"They are not so bad actually," he says. "I have used them and they are not so different to the originals. But a lot of people know the sounds, so it's easier to produce them,"
Any plug-in synths, or is it all effects?
"Not so much now," he replies. "I used Green Oak's Crystal. I like that kind of synth, as I started with the 303 and SH-101. I'm really into manipulating envelopes and these new synths are basically all about that, but they can also be too much. I was used to having just one synth doing the bass, recording it and then I'd go back and do another line and have to create each part with one synth, It was a long process. Now, I might have a bank of soft synths, but I can't even name them. If I do use them, it's just to create my own bank of sounds and then use that."
This streamlined approach is mostly down to the fact that Gerald's initial setup and sound was quite sparse, but he has also seen the effects of too much technology over the years...
"One of the things I learnt early on was when I saw a lot of people in the early-to-mid-90s, who were kitting out their studios with lots of stuff," he says. "It ends up changing the way you write. You end up too far in the technical side of the process, whereas it should really be about creating a groove. That was the good thing about using the TB-303. It was a machine with the groove already in there - all you had to do from then onwards was shape the sound. I try to keep that feeling in an overall production, even with effects.
"The only downfall for me is that there aren't enough hours to really push it all. In the early days, there was a real excitement about pushing the gear to its limits. There was a time when I needed another SH-101 as I'd pushed one to the limit, and it was a really big thing to get another one. Now, I just get another soft synth! When I look back and listen to some of the old stuff I remember all the trouble I had to go through to create it and all the energy I used. Now I can focus that energy on the groove and take the focus away from getting lost in the technology like we used to. It's good to have that old-skool background, but I tend to try and keep everything as simple as I can, and to have an innocence about it. I think if you tend to look into everything and the way it works, you can easily get lost in one piece of software and not get anything else done."
So, how does Gerald view the state of music technology? Having been at the coalface of music-making for 20 years, he's certainly seen it shift to the point where anyone can create music, but is that necessarily a good thing?
"I think it is," he replies. "I remember ten years ago, in an interview, that it was my dream for everyone to have at least the basic knowledge for making their own electronic music, and you could see it start to happen back then. Now, a lot more people understand the process of making music - it's not so alien. But I'd say to anyone wanting to get into it to spend some time in a proper studio, as it helps - maybe record something, get your hands dirty or actually play with some original analogue synths."
Gerald's own immediate future involves throwing himself into more live work and, once again, plundering those archives. But whereas before he was using the sounds from his back catalogue to create his own ReFills, the plan is now to release them in the form of a brand new Loopmasters sample collection.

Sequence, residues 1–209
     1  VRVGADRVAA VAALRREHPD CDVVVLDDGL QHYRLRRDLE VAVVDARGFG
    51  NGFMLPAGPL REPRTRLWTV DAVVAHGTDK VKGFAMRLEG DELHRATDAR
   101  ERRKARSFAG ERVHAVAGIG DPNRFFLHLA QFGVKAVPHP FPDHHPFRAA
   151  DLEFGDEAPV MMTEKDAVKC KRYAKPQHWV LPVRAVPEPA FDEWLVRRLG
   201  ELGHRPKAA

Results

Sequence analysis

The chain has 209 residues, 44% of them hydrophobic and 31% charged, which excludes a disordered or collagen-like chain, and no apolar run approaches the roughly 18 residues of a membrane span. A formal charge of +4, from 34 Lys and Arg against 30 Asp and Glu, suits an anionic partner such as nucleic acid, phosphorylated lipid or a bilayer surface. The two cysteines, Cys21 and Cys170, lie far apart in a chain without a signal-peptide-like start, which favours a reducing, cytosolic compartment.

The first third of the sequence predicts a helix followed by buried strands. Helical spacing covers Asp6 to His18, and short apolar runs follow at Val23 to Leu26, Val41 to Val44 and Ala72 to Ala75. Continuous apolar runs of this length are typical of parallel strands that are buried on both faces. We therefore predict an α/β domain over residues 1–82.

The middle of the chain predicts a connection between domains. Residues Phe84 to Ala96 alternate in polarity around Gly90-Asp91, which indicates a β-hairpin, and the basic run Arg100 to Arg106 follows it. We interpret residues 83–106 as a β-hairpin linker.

"A lot of youngsters these days want it really easy," says Gerald. "They're not excited about building up their own sounds, so I can give people loads of grooves and sounds, and they can go away and do whatever they want with it."
And while looking through those archives for content for this collection, Gerald also found quite a few hidden gems that will also see the light of day now...
"I've discovered a whole lot of unmastered DATs from Voodoo Ray onwards," he says.
"I'm remastering that and making it bigger, fatter and wider, so I'll get a shop on the website for that. I've found all these tracks of me jamming with Aphex Twin and Luke Vibert, and outtakes of stuff I did with Derrick May. It will be interesting, to say the least!"
[Author: Computer Music]
Tracking it down
How does a Gerald composiition come together these days?
"Usually, I start with a beat, maybe a bassline or a groove, and add textures like strings or a pad," he says. "It's very simple. I'll start in Reason and maybe export bits and pieces into Cubase - it's all ReWired, so I can patch certain sounds into Cubase and use the VST effects."
Whether composing or live performing, has he ever thought about getting Ableton Live in his current setup?
"A lot of people I know are using Live - it does a similar thing to what I do, but sound quality-wise, it isn't so versatile for me. Maybe if I'd used it from the start, I'd know different tricks for it. But I'm always trying to produce a different sound - when I go to gigs, I can always tell if they are using Live. It's something to do with the lower frequencies."
Live is all there is
"Nowadays, I work mostly on live stuff," Gerald says. "I'm not into creating what I call a frozen performance - a piece of music for MP3 or vinyl. A lot of my productions are in the
"I'm using two Native Instruments Audio 8 soundcards and they're amazing. I'm using them at 96kHz and the sound quality is mind-bending. I'm getting studio quality from the interfaces, and on a club PA I can really take a journey with them. I use the two 'cards with laptops and Reason to replace turntables and I have a Urei mixer between them.
Gerald uses two of these Audio 8s for live work, running at a staggeringly pristine 96kHz, which brings "the studio to the club"
Gerald's Kit List